The bottom line is this: I think that regardless of era, there are always groups and individuals looking for something different from what the status quo tries shoving at them. And if you can write a good story and tell your side in a eloquent fashion, people will listen and take your points into consideration. Grey wrote of many issues during his time, from the ethical treatment of Native Americans to nature conservation to philosophical questions of the Ultimate Reality and the meaning of life. The Vanishing American encompasses all of this, and takes the reader on a journey. Not only the journey of Nophaie and Marian, but a journey of the reader's own self-discovery.


Read The Vanishing American





*****

For first access to giveaways and other content not seen by the rest of the world, sign up for the free Messages from the Labyrinth Newsletter!

Paperback copies of Descent (The Birthrite Series, #1) and Sacred Atonement:Novelette (The Birthrite Series, # 1.5) available together for the low price of $21.00 at my Official Website


My music projects are available at CDBaby
My filmwork is on IMDb

"The Birthrite Series" and other books at Smashwords and Barnes & Noble NOOK
 My books and music are also on Amazon and iTunes
Tiffany on Goodreads
Support great authors and independent bookstores at Smashwords and Indiebound

Saturday, August 1, 2015

CHAPTER PREVIEW FROM KINDRED (THE BIRTHRITE SERIES, #2)

Hi everyone,

I will be posting my review of The Vanishing American tomorrow evening, along with other news that is happening in my corner.

In the meantime, enjoy a full chapter preview from Kindred (The Birthrite Series, #2).

Also, the awesome blog Unusual Historicals is featuring Descent (The Birthrite Series, #1) as well as a giveaway for a chance to win a free copy of that book along with the novelette, Sacred Atonement (The Birthrite Series, #1.5).

So check out the feature of Descent on Unusual Historicals, followed by a Q&A that will be featured tomorrow. :)

Now without further ado, here is a chapter from Kindred. As I stated before, Dorothy's cousin Cletus is introduced in Descent but only gets a cameo appearance. In Kindred, he takes center stage a little more. :)








CHAPTER 2
Pennsylvania Railroad Station in
Wilkes-Barre, Pennsylvania

1

Cletus awoke at around five 'o' clock in the evening as the train was pulling in to the station. His eyes glanced out the window, seeing the town of Wilkes-Barre.
After the train came to a slow halt, he rose and collected his carry-on bags. Other passengers started filing off as he remained, staring in almost a trance out the window at the town that was only a mere couple of hours out from where his cousin had grown up.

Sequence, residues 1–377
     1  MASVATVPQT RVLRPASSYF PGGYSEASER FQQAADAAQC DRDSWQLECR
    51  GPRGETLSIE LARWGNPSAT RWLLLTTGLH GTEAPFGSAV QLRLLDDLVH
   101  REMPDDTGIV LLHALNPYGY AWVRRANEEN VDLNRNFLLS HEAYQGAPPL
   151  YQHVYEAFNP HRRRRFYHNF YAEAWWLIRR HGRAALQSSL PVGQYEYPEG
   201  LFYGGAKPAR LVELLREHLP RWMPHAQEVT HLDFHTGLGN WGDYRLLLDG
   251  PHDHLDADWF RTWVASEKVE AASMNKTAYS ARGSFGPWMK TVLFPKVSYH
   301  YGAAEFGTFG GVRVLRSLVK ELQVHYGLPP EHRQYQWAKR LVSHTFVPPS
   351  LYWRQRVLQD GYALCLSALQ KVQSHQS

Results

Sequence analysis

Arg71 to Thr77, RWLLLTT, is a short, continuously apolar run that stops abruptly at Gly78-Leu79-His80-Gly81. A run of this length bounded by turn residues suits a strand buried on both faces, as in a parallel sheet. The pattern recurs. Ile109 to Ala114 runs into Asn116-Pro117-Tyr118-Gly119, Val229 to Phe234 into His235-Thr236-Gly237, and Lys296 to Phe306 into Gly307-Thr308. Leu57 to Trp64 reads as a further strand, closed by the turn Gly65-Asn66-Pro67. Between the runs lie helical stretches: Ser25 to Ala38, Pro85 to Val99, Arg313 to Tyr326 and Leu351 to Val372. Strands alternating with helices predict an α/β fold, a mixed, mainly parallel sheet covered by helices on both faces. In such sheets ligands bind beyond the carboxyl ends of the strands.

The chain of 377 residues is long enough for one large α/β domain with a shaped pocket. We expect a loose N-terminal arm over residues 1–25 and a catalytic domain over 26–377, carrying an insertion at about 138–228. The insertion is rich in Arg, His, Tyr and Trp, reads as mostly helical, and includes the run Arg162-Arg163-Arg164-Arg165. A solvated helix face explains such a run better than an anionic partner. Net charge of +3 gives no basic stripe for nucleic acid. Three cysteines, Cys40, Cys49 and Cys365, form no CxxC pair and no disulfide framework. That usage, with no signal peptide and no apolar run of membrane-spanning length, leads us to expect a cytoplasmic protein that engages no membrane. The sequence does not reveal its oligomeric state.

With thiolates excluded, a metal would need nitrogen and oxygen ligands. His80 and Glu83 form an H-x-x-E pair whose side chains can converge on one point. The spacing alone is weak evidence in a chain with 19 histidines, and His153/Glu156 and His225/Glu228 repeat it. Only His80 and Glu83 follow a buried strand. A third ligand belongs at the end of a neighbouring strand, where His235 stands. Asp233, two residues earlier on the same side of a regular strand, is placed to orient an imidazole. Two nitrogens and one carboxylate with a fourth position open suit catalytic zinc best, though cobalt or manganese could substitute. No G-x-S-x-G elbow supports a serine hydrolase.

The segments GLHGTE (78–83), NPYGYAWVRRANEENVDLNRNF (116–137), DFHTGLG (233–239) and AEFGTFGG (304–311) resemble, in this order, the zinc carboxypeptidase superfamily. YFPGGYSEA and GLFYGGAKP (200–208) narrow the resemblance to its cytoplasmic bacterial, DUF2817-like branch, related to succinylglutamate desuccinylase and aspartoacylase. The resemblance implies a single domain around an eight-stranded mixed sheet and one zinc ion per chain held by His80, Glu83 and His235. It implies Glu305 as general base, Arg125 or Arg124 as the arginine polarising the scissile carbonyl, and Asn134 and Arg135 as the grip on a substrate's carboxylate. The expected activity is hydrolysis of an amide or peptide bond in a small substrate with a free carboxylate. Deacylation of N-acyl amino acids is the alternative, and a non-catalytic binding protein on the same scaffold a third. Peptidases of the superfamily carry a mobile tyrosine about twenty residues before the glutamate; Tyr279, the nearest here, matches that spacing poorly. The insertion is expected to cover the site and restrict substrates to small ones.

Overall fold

It would be quite easy to drive out there...
Awareness suddenly hit him like a splash of icy water when a voice asked, "Are you all right?"
Cletus jolted slightly as he turned to see a rather attractive young female regarding him in a rather amused, but flirtatious way. Her hair was light brown, and her deep blue eyes were set off by the blouse she wore.
Cletus inhaled, collecting his equilibrium as he replied. "Yeah...yeah I'm fine. Just a little tired from traveling, that's all. Thanks." He motioned for her to go on ahead of him.
When she did, he started down the aisle behind her.
As they reached the door, she turned back to him. "Where are you coming from?"
His heart began to pound. "Ohio."
"I see. Do you have family out here?"
"Friends, actually. And a distant cousin."
"I see. You're visiting I take it."
He nodded.
There was a rather awkward pause as they stepped out onto the pavement and new passengers began getting on board the train.
"My name is Christina," the young woman said. "I'm actually from Delaware. I'm moving here though because of a job. I was recently hired as a hospital receptionist. I'm not too terribly excited about leaving my family, but I suppose we should all be grateful for employment these days."
"Yeah, definitely," Cletus agreed.
"I have to stay here overnight," she continued, obviously not ready to allow them to go their separate ways, "and then I have to board a train to New York. Plains, actually."
Cletus flinched as a vision of the town and his cousin's old house flashed through his mind.
"Are you sure you're all right?" she asked, bringing him back to the present.
"Yeah...I'm fine. Just experiencing a bit of lag."
"I'm actually a little hungry and was going to get something to eat."
Cletus regarded the young woman for a moment. As his cousin Dorothy was, he was quite good at reading people. And this girl was definitely hoping that he would volunteer to join her. His blood raced at the notion and he knew that if his friends, Patrick, Rob, and Grant, were here, they would be encouraging him to accept her subtle invitation. The young woman was attractive and seemed to have a good head on her shoulders. But as with most other girls he knew and met, he knew he would not be pursuing anything. Because this woman was not her. The girl he had seen in his dreams so many times. The one he could feel was meant for him. (It was both a blessing and a curse)
"Well, good luck with everything," he said. "My friends are waiting for me here. It was nice meeting you, Christina."
He turned away quickly, never looking back as he felt her disappointed gaze.
Not too far away, Reginald and Gail were waiting for him. Relieved, Cletus smiled at them and waved.
Reginald grinned. "We were starting to wonder if you backed out."
Cletus approached the couple, shaking hands with Reginald. "Sorry," he replied. "It took a little while to finally wake up."
"Yeah, well we did see you get off the train but didn't want to interrupt as it seemed you were making a new friend."